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The role of optic flow pooling in insect flight control in cluttered environments
Stockholm University, Faculty of Science, Department of Zoology. Lund University, Sweden.
Number of Authors: 42019 (English)In: Scientific Reports, ISSN 2045-2322, E-ISSN 2045-2322, Vol. 9, article id 7707Article in journal (Refereed) Published
Abstract [en]

Flight through cluttered environments, such as forests, poses great challenges for animals and machines alike because even small changes in flight path may lead to collisions with nearby obstacles. When flying along narrow corridors, insects use the magnitude of visual motion experienced in each eye to control their position, height, and speed but it is unclear how this strategy would work when the environment contains nearby obstacles against a distant background. To minimise the risk of collisions, we would expect animals to rely on the visual motion generated by only the nearby obstacles but is this the case? To answer this, we combine behavioural experiments with numerical simulations and provide the first evidence that bumblebees extract the maximum rate of image motion in the frontal visual field to steer away from obstacles. Our findings also suggest that bumblebees use different optic flow calculations to control lateral position, speed, and height.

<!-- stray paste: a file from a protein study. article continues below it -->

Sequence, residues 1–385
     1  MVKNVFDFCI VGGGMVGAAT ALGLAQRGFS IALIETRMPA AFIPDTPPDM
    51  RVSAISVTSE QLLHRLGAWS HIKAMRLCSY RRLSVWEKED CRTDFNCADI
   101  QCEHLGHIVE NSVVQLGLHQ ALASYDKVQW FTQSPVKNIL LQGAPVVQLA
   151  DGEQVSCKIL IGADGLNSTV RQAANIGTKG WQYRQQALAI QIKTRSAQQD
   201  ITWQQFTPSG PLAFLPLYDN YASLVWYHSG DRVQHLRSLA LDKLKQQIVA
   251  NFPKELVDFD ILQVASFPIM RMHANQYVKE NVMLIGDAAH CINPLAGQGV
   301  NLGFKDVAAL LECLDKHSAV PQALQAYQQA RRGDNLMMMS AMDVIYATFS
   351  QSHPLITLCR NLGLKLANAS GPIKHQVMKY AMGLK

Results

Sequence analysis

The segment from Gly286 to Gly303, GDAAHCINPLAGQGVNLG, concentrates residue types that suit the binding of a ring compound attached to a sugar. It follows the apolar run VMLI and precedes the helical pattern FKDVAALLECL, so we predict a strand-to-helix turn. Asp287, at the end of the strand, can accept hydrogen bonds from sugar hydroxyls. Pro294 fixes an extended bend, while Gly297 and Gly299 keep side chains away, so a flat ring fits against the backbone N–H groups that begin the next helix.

Place, publisher, year, edition, pages
2019. Vol. 9, article id 7707
National Category
Zoology Fluid Mechanics and Acoustics
Identifiers
URN: urn:nbn:se:su:diva-170025DOI: 10.1038/s41598-019-44187-2ISI: 000468600800001PubMedID: 31118454OAI: oai:DiVA.org:su-170025DiVA, id: diva2:1329299
Available from: 2019-06-24 Created: 2019-06-24 Last updated: 2019-06-24Bibliographically approved

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